The largest square which fits into a circle is ABCD and EFGH is a square with G and H on the line CD and E and F on the circumference of the circle. Show that AB = 5EF.
Similarly the largest. . . .
An article about the strategy for playing The Triangle Game which
appears on the NRICH site. It contains a simple lemma about
labelling a grid of equilateral triangles within a triangular
Can you visualise whether these nets fold up into 3D shapes? Watch the videos each time to see if you were correct.
Can you rearrange the cards to make a series of correct
This article discusses how every Pythagorean triple (a, b, c) can be illustrated by a square and an L shape within another square. You are invited to find some triples for yourself.
These proofs are wrong. Can you see why?
Investigate the number of points with integer coordinates on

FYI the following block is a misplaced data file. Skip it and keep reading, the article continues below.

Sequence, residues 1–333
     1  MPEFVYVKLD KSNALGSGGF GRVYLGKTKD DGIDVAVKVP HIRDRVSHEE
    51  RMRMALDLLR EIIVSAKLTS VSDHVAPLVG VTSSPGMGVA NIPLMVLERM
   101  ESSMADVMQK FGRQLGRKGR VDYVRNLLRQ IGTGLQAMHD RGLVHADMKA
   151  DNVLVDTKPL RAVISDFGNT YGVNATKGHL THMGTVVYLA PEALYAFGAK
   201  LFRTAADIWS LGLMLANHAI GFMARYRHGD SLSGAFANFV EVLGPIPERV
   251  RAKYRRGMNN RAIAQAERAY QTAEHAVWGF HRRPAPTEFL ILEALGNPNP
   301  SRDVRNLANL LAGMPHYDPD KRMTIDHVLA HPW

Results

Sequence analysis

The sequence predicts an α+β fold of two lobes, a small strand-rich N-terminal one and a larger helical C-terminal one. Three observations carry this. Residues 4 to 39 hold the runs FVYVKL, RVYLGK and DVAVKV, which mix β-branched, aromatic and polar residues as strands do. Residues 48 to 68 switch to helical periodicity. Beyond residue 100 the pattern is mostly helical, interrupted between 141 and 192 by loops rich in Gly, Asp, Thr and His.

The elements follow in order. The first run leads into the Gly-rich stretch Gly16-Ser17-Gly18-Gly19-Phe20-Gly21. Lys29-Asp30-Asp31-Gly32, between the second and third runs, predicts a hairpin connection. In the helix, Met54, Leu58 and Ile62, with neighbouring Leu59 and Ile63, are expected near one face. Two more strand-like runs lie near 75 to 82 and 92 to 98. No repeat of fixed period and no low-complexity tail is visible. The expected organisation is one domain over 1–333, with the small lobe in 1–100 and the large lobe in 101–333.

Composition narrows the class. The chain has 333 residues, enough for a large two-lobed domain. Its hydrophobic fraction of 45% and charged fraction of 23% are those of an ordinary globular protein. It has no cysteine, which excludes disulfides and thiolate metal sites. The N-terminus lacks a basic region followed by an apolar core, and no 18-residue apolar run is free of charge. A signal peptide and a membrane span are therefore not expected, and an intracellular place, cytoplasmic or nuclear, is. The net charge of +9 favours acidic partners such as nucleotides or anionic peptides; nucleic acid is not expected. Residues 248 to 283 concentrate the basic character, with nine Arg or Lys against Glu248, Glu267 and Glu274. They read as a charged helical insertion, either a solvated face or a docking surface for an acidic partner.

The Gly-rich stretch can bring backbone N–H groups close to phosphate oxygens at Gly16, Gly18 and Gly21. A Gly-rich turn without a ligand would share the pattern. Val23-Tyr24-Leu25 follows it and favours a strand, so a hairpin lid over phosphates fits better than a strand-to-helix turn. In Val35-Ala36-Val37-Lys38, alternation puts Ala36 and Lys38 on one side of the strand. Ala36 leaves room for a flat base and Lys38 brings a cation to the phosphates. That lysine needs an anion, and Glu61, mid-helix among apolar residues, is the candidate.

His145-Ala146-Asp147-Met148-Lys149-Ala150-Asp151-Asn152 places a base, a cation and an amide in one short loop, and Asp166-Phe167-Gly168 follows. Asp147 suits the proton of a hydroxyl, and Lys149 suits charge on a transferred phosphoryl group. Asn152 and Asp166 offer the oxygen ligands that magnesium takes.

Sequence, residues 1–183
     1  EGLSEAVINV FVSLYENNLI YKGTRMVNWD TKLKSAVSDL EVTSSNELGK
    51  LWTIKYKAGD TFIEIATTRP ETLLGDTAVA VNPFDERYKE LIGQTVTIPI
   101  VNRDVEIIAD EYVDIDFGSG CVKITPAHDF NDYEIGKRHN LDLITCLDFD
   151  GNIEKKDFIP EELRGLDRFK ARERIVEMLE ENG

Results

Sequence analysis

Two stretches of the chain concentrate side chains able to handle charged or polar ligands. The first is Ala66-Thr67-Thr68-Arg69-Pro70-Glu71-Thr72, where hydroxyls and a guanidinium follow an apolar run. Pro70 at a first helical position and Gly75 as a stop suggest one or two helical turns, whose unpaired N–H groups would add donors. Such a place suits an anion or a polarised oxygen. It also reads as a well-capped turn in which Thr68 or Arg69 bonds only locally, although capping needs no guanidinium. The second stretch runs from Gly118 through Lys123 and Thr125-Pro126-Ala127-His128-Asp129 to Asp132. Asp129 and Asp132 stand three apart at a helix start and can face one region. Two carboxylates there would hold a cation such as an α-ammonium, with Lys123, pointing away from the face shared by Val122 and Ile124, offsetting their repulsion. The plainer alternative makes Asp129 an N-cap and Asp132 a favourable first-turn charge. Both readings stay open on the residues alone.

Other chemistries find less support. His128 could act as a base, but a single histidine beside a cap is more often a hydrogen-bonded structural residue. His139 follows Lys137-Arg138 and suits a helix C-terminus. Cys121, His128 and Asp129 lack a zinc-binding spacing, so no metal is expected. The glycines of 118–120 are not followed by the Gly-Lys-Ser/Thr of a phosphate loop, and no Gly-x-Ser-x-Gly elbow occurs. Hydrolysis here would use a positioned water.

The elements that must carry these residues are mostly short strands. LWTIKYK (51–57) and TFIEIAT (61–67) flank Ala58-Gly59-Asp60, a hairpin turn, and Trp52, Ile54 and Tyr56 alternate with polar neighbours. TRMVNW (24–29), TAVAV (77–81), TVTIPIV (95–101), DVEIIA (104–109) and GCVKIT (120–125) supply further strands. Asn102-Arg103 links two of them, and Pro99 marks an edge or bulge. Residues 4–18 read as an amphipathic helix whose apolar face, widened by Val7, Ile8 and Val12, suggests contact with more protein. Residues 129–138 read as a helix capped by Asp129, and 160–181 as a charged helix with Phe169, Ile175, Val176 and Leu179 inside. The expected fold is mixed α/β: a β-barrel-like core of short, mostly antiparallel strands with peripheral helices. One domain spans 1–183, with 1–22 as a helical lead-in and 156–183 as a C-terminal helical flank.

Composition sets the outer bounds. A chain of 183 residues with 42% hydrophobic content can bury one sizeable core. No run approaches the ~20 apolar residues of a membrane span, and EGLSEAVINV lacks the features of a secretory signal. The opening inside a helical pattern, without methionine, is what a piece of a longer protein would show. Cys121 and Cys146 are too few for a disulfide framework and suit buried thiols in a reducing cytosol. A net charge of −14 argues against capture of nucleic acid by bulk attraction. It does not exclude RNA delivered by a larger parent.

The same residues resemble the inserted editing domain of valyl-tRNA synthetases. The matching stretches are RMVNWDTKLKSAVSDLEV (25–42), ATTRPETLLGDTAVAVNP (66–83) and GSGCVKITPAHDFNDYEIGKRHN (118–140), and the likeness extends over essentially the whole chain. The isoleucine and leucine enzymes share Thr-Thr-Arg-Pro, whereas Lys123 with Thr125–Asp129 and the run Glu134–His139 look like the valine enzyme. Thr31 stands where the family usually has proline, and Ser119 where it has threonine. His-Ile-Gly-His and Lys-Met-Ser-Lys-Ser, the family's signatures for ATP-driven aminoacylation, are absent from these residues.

circles with centres at the origin for which the square of the
radius is a power of 5.
In this third of five articles we prove that whatever whole number we start with for the Happy Number sequence we will always end up with some set of numbers being repeated over and over again.
A point moves around inside a rectangle. What are the least and the
greatest values of the sum of the squares of the distances from the
We are given a regular icosahedron having three red vertices. Show
that it has a vertex that has at least two red neighbours.